The University of Texas-Pan American is one of three Hispanic Serving Institutions in the State of Texas that reported the highest headcount growth for the fall 2003 semester, according to preliminary figures provided by the Texas Higher Education Coordinating Board (THECB).
UT Pan American reported a headcount increase of 1,497 more students from the previous fall semester. The University of Texas San Antonio increased by 2,650 and
|Dr. Susan R. Griffith|
“It is notable that the three institutions that added the most student headcount are all Hispanic Serving Institutions,” said Dr. Susan Griffith, executive director of the Office of Institutional Research and Effectiveness. “It is important that large universities serving non-Anglo populations increase their enrollments at a fast pace to help the state achieve its goal of increasing access to minority students.”
With a 10.4 percent growth, UTPA ranked seventh in enrollment increase among all higher education insititutions in the state. For the fall 2003 semester, the University enrolled 15,889.
“The University has been working with the school districts in many K-16 collaborations
|UTPA President Dr. Miguel A. Nevárez|
“These collaborations seem to be having the desired results that are motivating and encouraging more students to further their education.”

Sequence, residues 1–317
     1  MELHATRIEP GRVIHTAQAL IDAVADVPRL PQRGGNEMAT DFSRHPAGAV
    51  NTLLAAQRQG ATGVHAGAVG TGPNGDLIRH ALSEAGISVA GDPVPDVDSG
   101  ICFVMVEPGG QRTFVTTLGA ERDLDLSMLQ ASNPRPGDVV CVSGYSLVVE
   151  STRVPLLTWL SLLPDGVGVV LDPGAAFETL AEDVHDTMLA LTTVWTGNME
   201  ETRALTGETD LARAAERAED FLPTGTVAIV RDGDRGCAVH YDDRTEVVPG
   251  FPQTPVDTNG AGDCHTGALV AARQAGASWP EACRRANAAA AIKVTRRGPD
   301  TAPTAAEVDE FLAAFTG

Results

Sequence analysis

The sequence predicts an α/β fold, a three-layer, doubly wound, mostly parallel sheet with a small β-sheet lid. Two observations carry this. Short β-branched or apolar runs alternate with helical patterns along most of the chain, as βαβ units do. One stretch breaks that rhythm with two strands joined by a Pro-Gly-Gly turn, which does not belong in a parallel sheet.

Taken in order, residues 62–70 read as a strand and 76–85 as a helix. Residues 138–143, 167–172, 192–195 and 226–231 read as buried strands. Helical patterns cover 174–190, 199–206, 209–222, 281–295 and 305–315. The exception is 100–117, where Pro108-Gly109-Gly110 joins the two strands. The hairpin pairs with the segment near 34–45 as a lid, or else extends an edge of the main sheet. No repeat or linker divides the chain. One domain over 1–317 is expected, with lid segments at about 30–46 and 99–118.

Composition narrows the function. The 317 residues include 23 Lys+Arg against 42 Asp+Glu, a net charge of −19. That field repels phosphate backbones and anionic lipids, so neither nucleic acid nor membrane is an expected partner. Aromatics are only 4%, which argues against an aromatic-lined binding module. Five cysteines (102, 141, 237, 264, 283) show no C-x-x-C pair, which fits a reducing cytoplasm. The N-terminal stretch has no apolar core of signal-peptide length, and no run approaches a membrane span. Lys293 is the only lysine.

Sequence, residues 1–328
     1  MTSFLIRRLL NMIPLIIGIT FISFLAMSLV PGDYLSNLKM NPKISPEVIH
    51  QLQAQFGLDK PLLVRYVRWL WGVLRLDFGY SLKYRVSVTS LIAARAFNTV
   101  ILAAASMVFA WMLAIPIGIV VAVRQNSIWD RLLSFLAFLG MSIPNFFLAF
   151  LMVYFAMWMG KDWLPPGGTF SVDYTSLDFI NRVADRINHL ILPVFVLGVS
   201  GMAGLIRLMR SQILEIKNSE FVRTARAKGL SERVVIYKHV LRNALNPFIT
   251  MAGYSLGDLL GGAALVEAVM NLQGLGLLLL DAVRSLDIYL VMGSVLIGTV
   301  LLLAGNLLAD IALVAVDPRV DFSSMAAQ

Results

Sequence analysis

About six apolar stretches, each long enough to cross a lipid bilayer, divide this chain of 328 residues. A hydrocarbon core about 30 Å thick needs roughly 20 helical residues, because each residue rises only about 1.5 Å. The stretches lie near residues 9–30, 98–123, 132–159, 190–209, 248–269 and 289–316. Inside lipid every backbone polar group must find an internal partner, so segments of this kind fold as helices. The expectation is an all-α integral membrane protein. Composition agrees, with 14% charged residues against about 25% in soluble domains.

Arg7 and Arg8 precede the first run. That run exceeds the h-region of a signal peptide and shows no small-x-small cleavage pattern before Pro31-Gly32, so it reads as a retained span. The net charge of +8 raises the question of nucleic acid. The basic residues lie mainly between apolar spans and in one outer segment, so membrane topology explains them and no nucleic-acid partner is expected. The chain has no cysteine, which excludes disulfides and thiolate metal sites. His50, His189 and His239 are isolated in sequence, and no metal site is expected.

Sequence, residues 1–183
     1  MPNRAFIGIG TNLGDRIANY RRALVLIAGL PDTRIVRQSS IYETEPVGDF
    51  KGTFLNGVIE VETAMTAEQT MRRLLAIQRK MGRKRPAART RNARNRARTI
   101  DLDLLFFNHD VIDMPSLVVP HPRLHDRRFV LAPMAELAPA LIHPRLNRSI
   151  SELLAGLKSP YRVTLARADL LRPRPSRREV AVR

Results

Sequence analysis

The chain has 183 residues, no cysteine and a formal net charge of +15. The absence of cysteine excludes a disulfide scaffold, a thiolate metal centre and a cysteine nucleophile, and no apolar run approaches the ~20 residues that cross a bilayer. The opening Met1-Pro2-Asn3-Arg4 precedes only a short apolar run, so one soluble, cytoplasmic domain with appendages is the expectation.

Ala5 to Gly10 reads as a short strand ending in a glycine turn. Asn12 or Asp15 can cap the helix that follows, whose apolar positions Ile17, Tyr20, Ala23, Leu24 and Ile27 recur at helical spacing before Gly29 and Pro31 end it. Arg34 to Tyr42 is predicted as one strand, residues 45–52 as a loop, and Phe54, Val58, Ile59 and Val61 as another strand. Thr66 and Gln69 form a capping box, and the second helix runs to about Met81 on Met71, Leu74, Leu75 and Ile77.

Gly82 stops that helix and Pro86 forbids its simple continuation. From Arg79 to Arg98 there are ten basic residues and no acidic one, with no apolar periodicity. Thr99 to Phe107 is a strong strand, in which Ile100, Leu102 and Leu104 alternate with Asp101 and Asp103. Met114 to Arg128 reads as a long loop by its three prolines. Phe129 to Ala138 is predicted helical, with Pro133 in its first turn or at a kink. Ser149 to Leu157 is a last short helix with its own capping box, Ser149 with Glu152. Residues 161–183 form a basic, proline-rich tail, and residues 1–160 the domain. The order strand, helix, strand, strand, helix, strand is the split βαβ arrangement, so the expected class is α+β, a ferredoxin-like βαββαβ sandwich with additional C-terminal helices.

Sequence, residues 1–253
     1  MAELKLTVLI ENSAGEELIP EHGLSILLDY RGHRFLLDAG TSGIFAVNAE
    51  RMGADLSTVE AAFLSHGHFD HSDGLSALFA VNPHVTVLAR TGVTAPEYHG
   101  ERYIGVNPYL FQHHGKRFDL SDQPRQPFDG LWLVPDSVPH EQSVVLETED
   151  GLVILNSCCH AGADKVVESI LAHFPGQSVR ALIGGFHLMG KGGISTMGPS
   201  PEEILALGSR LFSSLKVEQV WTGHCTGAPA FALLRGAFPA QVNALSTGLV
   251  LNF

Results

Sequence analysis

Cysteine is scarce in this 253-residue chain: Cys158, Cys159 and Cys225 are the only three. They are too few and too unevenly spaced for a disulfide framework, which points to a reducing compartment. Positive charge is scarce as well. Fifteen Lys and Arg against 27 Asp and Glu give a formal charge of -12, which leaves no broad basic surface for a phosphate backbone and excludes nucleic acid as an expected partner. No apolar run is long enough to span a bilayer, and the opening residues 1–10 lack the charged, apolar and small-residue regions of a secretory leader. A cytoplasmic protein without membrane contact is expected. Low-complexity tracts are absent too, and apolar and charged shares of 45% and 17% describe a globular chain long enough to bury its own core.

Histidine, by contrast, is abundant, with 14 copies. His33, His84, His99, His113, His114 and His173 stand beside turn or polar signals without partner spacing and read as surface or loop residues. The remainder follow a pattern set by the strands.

In previous years, UTPA grew at a rate of less than two percent. Since fall 2001, the University's enrollment rate has steadily increased and exceeded the projected yearly figures set by THECB.
Under the Closing the Gaps by 2015 plan – which calls for increasing higher education enrollments to 1.5 million students for comparable increases in the number of degrees and certificates awarded by 2015 – UT Pan American is expected to reach an enrollment of more than 26,000 students.
Within the long-term goal, the Closing the Gaps campaign has also placed intermediate enrollment goals for universities each year, and UT Pan American is already ahead of schedule.
The Texas Legislature created the Texas Higher Education Coordinating Board in 1965 to "provide leadership and coordination for the Texas higher education system to achieve excellence for the college education of Texas students.”
Preliminary figures for higher education in Texas showed a total enrollment among all institutions of 1,148,047 students for the fall semester.